Is your dog taking you for a walk instead of the other round? Mine definitely does! She pulls and I trot on after her because I am afraid she will choke herself to death, literally. The best no pull dog harness is the answer to this conundrum. Have a quick glance at the best no pull dog harness on NolongerWild:
Before I close off, I would just like to add that I now view the head harness in a different light. Initially, because it does resemble a muzzle, I disregarded this type of training aid on the onset. Seeing the positive results produced has definitely made these harnesses worthy of serious consideration.
When I began looking at dog harnesses to help with our pulling problem, I was all ready to purchase a front attachable harness like the PetSafe Easy Walk No-Pull Harness.
The idea of the dual functional harness was merely novel to me as, technically, you are getting two different harnesses for the price of one. I didn’t even consider it as a type of harness in its own right when reviewing the differences. It is just a combination of the back and front attachable harness after all, right? WRONG! When I actually saw what using the two leads in conjunction could do, my mind was immediately made up.
Between the Chai’s Choice, the Ruffwear and the Freedom No-Pull Harness, I cannot say that one of them is the ultimately the best no pull dog harness.
They are all fantastic but I would have to make the Freedom my final choice. Although the Chai’s Choice is more budget friendly and the Ruffwear is stylish, I only choose the Freedom first because it includes the lead and an instruction manual as part of the training package.
I have no doubt, that irrelevant of which one of these five no pull dog harnesses I use, that I will soon be taking my pooch for a walk and not the other way ever again.
More Information - Different Types of Harnesses
There are 3 types of harnesses. Namely, back attachment harnesses, front attachment harnesses, and head harnesses.
Back Attachment Harnesses
This one is only mentioned because it is NOT what you want if your dog is a puller. Wearing a harness where the lead is attached to your dog’s back will only encourage him/her to pull harder like a sled dog! What I didn’t know is that the more resistance I give my dog when the lead is in this position, the more motivated she will become to haul harder. This is actually fun for canines and it is their natural reflex to pull back against the force.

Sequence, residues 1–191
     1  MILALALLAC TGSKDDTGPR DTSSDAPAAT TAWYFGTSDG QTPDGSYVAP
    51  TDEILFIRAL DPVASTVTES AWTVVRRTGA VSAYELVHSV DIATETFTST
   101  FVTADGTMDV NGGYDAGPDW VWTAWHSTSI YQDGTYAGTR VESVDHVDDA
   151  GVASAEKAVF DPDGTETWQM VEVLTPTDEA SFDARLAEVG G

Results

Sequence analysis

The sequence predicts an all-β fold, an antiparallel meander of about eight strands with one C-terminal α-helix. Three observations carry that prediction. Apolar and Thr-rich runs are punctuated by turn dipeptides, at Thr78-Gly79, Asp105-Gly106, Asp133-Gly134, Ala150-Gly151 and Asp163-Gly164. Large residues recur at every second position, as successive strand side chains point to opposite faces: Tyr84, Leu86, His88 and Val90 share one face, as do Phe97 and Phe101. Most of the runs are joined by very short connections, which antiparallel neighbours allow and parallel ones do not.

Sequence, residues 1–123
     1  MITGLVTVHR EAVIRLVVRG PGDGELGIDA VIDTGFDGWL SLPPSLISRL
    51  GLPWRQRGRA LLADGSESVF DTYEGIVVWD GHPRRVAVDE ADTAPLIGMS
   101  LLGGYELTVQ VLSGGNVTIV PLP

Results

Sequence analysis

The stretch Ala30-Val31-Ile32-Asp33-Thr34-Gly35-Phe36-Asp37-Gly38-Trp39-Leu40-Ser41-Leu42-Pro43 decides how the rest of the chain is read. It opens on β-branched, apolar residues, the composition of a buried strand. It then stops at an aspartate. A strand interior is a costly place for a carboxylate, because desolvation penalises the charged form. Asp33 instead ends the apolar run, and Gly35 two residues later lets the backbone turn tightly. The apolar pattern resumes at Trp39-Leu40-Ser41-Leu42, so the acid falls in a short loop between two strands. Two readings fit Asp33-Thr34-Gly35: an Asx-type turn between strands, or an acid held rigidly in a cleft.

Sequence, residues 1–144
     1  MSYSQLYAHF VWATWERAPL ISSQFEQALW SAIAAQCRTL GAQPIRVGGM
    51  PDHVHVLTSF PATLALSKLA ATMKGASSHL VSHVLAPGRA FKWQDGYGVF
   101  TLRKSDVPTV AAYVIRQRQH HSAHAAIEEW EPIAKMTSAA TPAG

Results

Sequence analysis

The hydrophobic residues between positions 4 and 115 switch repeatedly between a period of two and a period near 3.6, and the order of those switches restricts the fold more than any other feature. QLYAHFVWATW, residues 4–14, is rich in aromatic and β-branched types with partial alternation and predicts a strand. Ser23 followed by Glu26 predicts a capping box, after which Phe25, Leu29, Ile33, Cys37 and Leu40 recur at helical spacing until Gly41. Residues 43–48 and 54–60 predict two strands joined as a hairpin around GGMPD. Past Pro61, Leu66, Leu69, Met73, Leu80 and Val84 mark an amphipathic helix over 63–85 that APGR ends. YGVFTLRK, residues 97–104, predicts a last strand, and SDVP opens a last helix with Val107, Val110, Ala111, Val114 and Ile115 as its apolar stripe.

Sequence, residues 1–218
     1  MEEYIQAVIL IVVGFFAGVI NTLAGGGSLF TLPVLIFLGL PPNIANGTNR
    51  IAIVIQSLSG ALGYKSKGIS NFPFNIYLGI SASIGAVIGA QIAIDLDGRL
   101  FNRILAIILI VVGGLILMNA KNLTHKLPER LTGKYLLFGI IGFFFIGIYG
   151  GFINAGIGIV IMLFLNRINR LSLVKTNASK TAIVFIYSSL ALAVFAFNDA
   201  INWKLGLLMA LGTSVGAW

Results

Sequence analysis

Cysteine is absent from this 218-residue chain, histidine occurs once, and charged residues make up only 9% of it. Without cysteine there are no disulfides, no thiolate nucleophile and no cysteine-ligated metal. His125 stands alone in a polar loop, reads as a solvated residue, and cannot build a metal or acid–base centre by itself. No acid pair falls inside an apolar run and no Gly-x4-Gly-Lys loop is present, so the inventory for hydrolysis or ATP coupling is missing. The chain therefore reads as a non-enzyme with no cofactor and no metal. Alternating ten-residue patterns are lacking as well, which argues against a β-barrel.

Front Attachment Harnesses
The lead attachment clasp is situated in the front at your dog’s chest. If your pet decides to pull, the lead tugs at him/her and redirects him/her to the side. This will make your dog turn towards you instead. Your furry friend will stop trying to tow you as he/she is not heading forward in the desired direction anymore. It is soon realized that the only way to move forward is to stop pulling.
Also called head collars or head halters, these are actually strictly not harnesses like the other two but are still categorized within this group. Moreover, they are not muzzles despite their appearance. Your dog will be able to eat, bark, pant and even play with his/her chewy toys freely.
In this case, the lead is attached under the chin of your dog. As with the front attachment dog harness, pulling will cause your pooches head to swivel in your direction. The same principal applies here. Your dog will immediately stop all movement including his/her attempts at pulling.
What Should I Consider When Choosing The Best No Pull Dog Harness for My Pulling Pooch?
The Size of Your Puller
Harnesses come in different sizes to better fit the breed and type of your dog. Take the measurements of your dog and compare them to the manufacturer’s sizing chart prior to purchasing. The harness must be comfortable for your dog to wear and not cause chaffing or sores. This most often occurs behind the front legs. Ensure that there are adjustments points on the straps to fit the harness snugly. Time-Saving Tip: If your dog has long hair you may want to look at a bigger size.
The Type of Harness
Please note: Many manufacturers will try pulling the wool over your eyes and say their harnesses are no pull when it is just a regular old back attachment harness. It is just a marketing gimmick.
Front attachment harnesses generally do the trick to alleviate the pulling problem for the vast majority of dogs.
There is also the option of using a dual capability harness. This allows you to attach 2 leads - one at the
chest like the front attachment harness and one at the back like the traditional harness. These dog harnesses look confusing and are, therefore, overlooked and underappreciated.
Additionally, they are
usually only recommended for stronger dogs as they provide more control. Yet once you understand
how they work, you may very well have a change of heart.
Alternatively, you should consider using a head harness. These are often prescribed if you four legged friend has an aggressive nature or is anxious. Head collars are, however, becoming more popular and are just as practical for the purpose of preventing your pooch from pulling.
If your dog is not used to wearing a harness of any type, it is important that you give him/her to time to adapt before walking. This may take a few days although some dogs adapt quickly. The acclimatization period is even more vital if you are opting for a head halter.
Rule of thumb is to condition your pet in steps over time with treats. This will help him/her make positive associations with the harness which will be
beneficial to both of you in the long run.